Below you will find another draft principle for your review and comment.
As you’re aware, the task force has adopted an iterative approach soliciting comments/suggestions/feedback from the entire membership, comments to which we do pay serious attention. There was one comment posted on the second principle which we want to take a moment to address now: “It would be helpful if the Task Force would articulate why the current code is deficient.”
Our reformulation of the current code isn’t meant to imply that the current code is necessarily deficient. We do think, however, that any effective and meaningful code needs to be periodically revised and restated to keep current with the ways in which ethical issues, however timeless, are encountered, discussed and debated by the field. Our intent has not been to suggest a completely new code which will stand without further revision, but to revise the current code in ways that make it more immediately relevant with the expectation that it will be revisited and revised again with frequency, and not just in the event of a crisis in the discipline, and with member input in that revising.
We believe that there is value in the task of presenting many of the same ideas in different ways. Doing so helps anthropologists of all kinds focus on core concepts and see problems in new ways. To that end, we are seeking to identify from both the current code and the earlier Principles of Professional Responsibility broad statements or principles applicable to all anthropologists. We are asking for your help in doing so.
We think an important addition to re-stating these core concepts will be the supporting layers of additional resources–explanatory text, alternative interpretations, examples from different contexts or areas of practice, case studies, and resources from other disciplines. We are also asking for your help in collecting those kinds of resources. The goal is to provide a resource which will be useful in real-world situations by real world anthropologists.
We do not address the issues of sanctions or enforcement; a wide range of opinions on such issues are held not only by the members of the Association but by members of the task force as well. Regardless of viewpoint, however, the members of the task force agreed that a workable and appropriate code must be established before determining how it may be implemented or enforced.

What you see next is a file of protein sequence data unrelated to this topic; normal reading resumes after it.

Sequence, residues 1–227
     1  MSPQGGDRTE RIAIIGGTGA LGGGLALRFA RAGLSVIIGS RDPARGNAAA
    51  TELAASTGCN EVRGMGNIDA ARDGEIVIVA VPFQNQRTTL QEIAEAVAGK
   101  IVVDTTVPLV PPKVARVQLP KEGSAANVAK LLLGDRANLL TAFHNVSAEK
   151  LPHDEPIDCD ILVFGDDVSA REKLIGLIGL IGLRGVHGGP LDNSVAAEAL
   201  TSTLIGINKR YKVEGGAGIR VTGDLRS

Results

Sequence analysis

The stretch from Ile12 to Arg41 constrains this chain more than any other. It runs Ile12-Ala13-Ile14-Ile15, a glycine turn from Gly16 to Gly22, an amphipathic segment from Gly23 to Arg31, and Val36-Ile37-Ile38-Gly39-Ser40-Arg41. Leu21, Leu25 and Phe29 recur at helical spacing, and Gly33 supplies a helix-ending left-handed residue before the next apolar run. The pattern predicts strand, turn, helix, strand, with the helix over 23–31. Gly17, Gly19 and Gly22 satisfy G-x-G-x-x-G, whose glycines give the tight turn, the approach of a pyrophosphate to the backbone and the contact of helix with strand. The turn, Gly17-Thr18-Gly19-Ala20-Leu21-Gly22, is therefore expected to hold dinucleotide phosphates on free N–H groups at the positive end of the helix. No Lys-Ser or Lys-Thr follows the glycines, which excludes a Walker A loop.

As you read through our blog postings over the next several months, please:
1.carefully read each principle as it is posted to the blog, paying attention to the content and thinking about its relevance to your practice
2.make relevant comments and suggestions on the blog site in a timely manner. Feel free to share personal stories, case examples, competing interpretations, etc.
3.pay attention to the ongoing conversations about the principles and do background reading if you are late to join the discussion of a particular topic. You will be able to make comments on all the principles, not just the most recent one.
Thank you all for your help in this important task.
-The Task Force
Here is another principle for your review:
Balance the responsibility to disseminate with its potential consequences
The results of anthropological research are complex, subject to multiple interpretations and susceptible to differing and unintended uses. Anthropologists conduct research in order to expand our understanding of lives, histories, cultures, and communities. Thus a general goal is communication of new knowledge in a timely fashion. However, anthropologists have an ethical obligation to consider the potential impact of both their research and the communication or dissemination of the results of their research. Anthropologists should consider this issue prior to beginning research and throughout the research process. Explicit negotiation about dissemination and data access with sponsors/clients may be necessary before deciding whether to begin research.
Anthropologists should not normally withhold research results from research participants when those results are shared with others. There are circumstances, however, where restrictions on disclosure may be appropriate and ethical, such as where participants have been fully informed and have freely agreed to limited dissemination. In some situations other kinds of limited dissemination may be appropriate where such restrictions will protect the safety, dignity, or privacy of participants; or protect cultural heritage and/or tangible or intangible cultural or intellectual property. Proprietary, classified or other research with limited distribution raises complex ethical questions which must be resolved using these ethical principles. Anthropologists must weigh the intended uses of their research and work to evaluate potential uses of their research and the impact of its dissemination now and in the future.
Limited dissemination poses significant risks. There may be equally great risks associated with dissemination itself. Once information is disseminated, even in a limited sphere, there is great likelihood that it will become widely available. Thus, anthropologists should consider situations where preventing dissemination may be the most ethical step.